Erika: It’s something that’s important to me as a person. I always felt, when I started to watch the main stream porn that was out there, that is was very poorly done, that it was ugly, amateurish, very much some guy just picked up a camera and said ‘hey let’s film this.’ There was nothing interesting cinema/photographically about it. So one of the things that I wanted to do was changing the whole aesthetic of the porn aesthetic. It was too boring for me, I wanted challenging storylines, good characters, great cinematography. Light, music, sound, editing.

Maire Claire: In general, what do you think still needs to change within the industry?

Erika: I think what needs to change is really the people. I think the industry needs better people, it needs people who care more, who have a more artistic vision, who want to work for equality. But then I think also, it needs people who really care about the whole production process around it. People who really care about the actors, all the crew, how the film is made. Especially speaking about actors… Because I think one of the things that especially women care a lot about is knowing that the people who are performing real sex in these movies really want to be there and want to do that. And I think that the important thing there as a director or producer is that you have to select your cast and make sure that they’re there for the right reason. And I think if we get people with those values in to the adult industry, I think the industry definitely will change.

Maire Claire: How do the men who have been in the industry for a long time react to you and the way you’re changing porn?

Erika: There are definitely people who are very positive and think it’s a great thing that new people are coming in with new blood and new ideas and new visions. But then, of course, there is a chunk of people being very critical. I think they are scared and many of them want to protect what they have. We also have to understand that in the adult industry there are people who have made lots of money over many, many years.

The whole industry has changed dramatically in the last ten years with the growth of the internet and how adult material is distributed. The internet has made it possible for independent actors, directors and producers to reach their audience directly. So, yes, there is a huge change going on… but I have still heard names like ‘feminazi’ aimed at me. That’s a very, very ugly word to use.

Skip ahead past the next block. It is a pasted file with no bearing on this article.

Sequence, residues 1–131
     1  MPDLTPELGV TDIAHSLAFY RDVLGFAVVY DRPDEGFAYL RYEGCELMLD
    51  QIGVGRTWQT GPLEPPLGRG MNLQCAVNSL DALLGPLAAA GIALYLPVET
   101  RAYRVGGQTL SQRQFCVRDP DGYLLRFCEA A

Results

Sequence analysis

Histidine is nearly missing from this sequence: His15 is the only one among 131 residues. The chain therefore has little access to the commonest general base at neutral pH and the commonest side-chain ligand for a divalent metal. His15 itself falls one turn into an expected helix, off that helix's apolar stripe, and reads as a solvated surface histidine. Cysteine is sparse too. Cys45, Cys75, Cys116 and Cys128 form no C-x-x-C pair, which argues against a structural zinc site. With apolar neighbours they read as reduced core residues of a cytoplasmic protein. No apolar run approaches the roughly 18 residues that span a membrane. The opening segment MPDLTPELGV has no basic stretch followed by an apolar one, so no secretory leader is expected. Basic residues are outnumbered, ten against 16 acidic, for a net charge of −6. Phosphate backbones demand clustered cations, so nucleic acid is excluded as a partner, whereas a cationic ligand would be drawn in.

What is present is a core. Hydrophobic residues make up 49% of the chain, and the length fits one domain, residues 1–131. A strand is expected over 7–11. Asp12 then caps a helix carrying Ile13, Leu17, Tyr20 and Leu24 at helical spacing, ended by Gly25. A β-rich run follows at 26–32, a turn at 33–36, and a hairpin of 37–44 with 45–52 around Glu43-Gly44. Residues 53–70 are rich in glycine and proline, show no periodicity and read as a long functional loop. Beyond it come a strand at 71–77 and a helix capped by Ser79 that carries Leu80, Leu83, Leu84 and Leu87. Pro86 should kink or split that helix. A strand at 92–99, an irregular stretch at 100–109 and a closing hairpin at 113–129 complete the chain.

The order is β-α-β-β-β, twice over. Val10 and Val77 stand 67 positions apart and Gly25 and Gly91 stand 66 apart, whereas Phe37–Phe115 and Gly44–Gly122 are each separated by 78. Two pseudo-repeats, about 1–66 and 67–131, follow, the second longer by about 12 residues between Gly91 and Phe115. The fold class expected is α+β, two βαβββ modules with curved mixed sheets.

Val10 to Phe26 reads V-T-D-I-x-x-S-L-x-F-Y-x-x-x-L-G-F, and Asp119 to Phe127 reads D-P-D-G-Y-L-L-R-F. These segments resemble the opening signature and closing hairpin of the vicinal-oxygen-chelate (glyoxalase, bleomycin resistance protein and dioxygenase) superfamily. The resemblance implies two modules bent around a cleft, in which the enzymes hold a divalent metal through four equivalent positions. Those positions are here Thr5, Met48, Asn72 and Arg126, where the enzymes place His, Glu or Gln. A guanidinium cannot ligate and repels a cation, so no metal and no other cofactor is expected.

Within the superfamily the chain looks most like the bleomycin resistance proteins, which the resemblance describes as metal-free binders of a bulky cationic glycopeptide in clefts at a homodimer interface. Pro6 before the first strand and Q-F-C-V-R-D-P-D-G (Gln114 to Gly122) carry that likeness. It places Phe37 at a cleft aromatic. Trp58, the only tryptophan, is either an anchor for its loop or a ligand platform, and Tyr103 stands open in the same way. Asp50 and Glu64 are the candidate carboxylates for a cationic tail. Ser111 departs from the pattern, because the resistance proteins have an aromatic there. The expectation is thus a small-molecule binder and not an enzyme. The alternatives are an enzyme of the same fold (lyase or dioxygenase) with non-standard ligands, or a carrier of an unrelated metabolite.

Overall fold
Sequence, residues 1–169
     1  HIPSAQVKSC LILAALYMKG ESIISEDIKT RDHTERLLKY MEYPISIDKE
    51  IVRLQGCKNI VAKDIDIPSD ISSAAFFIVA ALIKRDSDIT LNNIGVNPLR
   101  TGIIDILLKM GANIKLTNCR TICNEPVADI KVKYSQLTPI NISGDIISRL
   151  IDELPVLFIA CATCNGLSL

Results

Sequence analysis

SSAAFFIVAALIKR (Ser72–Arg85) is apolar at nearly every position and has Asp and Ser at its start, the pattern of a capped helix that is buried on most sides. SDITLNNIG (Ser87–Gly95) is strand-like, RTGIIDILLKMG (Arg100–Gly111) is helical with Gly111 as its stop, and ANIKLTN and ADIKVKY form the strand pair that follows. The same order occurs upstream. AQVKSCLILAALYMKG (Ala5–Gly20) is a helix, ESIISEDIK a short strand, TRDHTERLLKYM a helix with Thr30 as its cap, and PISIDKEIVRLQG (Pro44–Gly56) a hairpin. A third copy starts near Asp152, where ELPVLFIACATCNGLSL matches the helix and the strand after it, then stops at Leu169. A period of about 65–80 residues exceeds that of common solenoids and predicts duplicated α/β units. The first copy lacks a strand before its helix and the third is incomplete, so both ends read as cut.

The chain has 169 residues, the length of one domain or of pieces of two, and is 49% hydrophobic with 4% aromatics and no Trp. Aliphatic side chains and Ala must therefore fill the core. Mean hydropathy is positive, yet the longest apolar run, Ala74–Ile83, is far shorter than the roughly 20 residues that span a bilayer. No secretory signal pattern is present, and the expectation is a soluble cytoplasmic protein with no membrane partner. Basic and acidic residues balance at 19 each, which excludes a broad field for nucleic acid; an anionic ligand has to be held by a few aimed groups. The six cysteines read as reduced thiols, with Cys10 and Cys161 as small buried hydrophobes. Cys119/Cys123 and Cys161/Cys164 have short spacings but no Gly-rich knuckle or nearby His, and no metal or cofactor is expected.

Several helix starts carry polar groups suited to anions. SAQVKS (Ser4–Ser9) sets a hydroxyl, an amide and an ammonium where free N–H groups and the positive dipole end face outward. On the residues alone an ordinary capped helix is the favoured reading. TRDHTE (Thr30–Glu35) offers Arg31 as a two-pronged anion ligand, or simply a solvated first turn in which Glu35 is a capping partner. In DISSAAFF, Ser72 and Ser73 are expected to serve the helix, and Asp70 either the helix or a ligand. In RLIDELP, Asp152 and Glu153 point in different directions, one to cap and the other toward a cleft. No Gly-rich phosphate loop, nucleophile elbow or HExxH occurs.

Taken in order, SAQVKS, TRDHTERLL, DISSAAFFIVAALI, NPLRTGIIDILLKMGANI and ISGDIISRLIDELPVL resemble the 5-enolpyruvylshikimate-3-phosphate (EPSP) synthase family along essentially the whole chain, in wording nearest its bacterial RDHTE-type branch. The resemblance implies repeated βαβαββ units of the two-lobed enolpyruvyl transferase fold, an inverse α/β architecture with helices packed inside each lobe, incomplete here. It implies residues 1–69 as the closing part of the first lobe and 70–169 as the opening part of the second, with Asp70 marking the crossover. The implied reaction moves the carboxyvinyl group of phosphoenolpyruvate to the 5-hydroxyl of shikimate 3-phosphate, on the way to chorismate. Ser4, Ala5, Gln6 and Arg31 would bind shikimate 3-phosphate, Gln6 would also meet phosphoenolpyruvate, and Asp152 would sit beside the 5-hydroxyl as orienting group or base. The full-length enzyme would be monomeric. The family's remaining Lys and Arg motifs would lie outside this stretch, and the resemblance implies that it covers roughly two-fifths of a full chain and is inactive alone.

Marie Claire: Do you think some people are uncomfortable with the idea of women being sexually powerful?

Erika: Yes, I think it’s very scary for a lot of people. I think it goes back to when people went to Pompeii to discover what had been there before, and discovered all these sexually explicit images and they got very, very scared. The first thing they were thinking was, we can’t show this to children and women and poor people, because they’re gonna go crazy if they see this. So all this aristocratic men, they put them in London in the secret museum. So I think it goes back to that, kind of, where they wanted to keep this powerful sexual material for themselves. They didn’t want to share it. I think that men are afraid that if women are getting more sexually liberated, we will not need them the same way. I think that’s the basis of it. It’s the same thing with the money: they are afraid that we will be so independent that we don’t need them any longer.

Marie Claire: Your films challenge the notion of gender stereotyping in terms of sexuality. Is that a purposeful move?

Erika: What I want to do is to show in my movies that women don’t need to be a sexual vehicle for the pleasure of men. I don’t really understand about is why we always see the women pleasing the men… it’s always about the mandatory, final made cum shot. I think we need to change that vision of sex. We need to see it as two equals, two individuals – or more than two individuals- but that people are actually sharing that intimate situation together, and they are working for the pleasure of the other one.

Marie Claire: Do you have any plans for other projects in the future?

Erika: One of the things I would really like to do is a feature film. I would like to make a film that would actually develop more profound characters who have a full storyline. I work so much with the short film format now that I’m looking forward to working on a feature film. I would like to keep the idea that sex is an important thing in our lives, and I would like to see if it is possible to keep explicit sex in a feature film, and still make it interesting. And I want to spread the word, I want people to realize that there are alternatives out there to main stream pornography. I think that’s one of the things today that people are not realising, that you can actually find something different if you look for it.

Erica Lust: XConfessions will be screened at Vue Piccadilly on 24th September